Julie Amacher, Classical MPR
Simone Dinnerstein — An American Mosaic (Supertrain Records)
"It's a funny year, I was just talking about it with my son actually. For myself, I feel like a very strange combination of having been completely inactive and didn't achieve all the things I wanted to achieve," pianist Simone Dinnerstein remembers, "and on the other hand, having produced two albums, which is like way more than I would ever do in a normal year."
Several months ago, Dinnerstein recorded A Character of Quiet from her home, on her own piano. Her second and newest recording in less than a year is, An American Mosaic. The seed for this new release started with a phone call from American composer Richard Danielpour.
"He wanted to thank me for my Bach recordings, which he had been listening to and had really been helping him get through the the difficult lockdown in L.A.
"It felt like a tie that we had with each other that I didn't know we had. Then he went on to tell me that he was thinking about writing a major piano work, which would be commemorating all of the different people in our society who had been affected by the pandemic. He wondered whether I would be open to him writing this piece for me."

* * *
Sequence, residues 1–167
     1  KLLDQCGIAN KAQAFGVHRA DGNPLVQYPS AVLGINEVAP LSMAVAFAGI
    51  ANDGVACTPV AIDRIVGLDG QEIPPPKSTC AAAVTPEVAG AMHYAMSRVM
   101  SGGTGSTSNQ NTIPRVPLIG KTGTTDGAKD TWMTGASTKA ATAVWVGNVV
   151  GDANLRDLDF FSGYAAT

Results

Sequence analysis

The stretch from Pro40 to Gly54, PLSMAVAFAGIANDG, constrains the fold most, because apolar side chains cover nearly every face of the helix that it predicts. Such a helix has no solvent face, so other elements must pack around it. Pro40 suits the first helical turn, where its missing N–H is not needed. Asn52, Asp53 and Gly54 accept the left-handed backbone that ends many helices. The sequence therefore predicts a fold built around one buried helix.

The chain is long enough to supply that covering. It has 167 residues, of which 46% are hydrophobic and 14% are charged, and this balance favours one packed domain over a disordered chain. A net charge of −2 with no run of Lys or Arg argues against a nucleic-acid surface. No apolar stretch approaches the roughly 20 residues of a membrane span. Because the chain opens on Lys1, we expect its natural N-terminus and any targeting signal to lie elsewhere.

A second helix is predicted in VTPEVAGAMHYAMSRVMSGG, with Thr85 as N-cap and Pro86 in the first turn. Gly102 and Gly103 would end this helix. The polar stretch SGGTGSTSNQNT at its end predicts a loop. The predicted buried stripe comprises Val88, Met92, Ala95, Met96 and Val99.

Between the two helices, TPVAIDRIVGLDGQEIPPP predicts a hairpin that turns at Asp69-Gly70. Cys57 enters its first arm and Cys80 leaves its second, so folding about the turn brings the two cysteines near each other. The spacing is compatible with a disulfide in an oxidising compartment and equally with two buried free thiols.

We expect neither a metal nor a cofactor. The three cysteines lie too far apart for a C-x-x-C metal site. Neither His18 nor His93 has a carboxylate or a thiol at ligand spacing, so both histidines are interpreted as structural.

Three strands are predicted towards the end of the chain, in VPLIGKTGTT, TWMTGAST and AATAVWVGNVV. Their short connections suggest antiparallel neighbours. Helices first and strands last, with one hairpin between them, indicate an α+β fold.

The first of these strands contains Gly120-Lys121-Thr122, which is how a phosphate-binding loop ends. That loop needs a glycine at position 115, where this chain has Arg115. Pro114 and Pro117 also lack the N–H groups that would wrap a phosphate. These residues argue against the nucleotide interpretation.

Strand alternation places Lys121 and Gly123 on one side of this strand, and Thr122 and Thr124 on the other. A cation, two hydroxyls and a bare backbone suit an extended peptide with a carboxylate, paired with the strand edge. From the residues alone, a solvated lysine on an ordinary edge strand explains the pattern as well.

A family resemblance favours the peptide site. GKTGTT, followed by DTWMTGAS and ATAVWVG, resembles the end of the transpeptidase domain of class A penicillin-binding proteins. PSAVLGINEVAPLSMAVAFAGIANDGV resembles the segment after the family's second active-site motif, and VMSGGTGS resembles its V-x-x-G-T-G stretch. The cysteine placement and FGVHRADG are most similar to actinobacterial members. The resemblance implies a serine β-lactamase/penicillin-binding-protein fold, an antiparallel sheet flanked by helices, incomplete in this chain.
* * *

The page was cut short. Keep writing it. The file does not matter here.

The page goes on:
Tell me more about these three Bach transcriptions and why it's important that they're on this recording?
"This whole project was massively facilitated by the Oregon Bach Festival. The idea was a virtual premiere of this piece in December. Since Bach is what connected Richard with me and it's the Oregon Bach Festival, I thought it would be really interesting if Richard transcribed some Bach pieces for me."
What did you discover about Richard Danielpour as a composer that helped you interpret this piece?
"I think that the main thing that I felt about his writing is that there's a tremendous sense of narrative in his work. There's a sense of text, even though there is no text, and you need to be able to convey that. Through the use of rubato, through timing, through how you articulate and how resonant something is are ways to do that."
Can you give me an example of where we hear some of those things textless moments?
"For instance, there's a movement called 'Rabbis and Ministers.' You can tell when it's the rabbi and when it's the minister that's going back and forth. When it's the rabbi or the cantor, the way that it's written down, it sound like somebody is singing a prayer."
How does the track 'Doctors and Interns' create a special moment for you and those experiencing the pandemic head on?
"The music has a lot of care in it, it feels like it's personal. Not everybody associates that with doctors. I think that this period that we just went through made us appreciate doctors in a different way and perhaps made doctors feel differently about their profession.
"The middle movement, 'An Elegy for Our Time,' is the heart of the piece. That's an American song to me, a song that we would sound like a folk song that everybody would know.
"It's also an elegy for this year. There's something about the quiet that we've had that has been beautiful. When I hear the music, it's also an elegy for that."
To hear the rest of my conversation, download the extended podcast on Apple Podcasts or wherever you get your podcasts.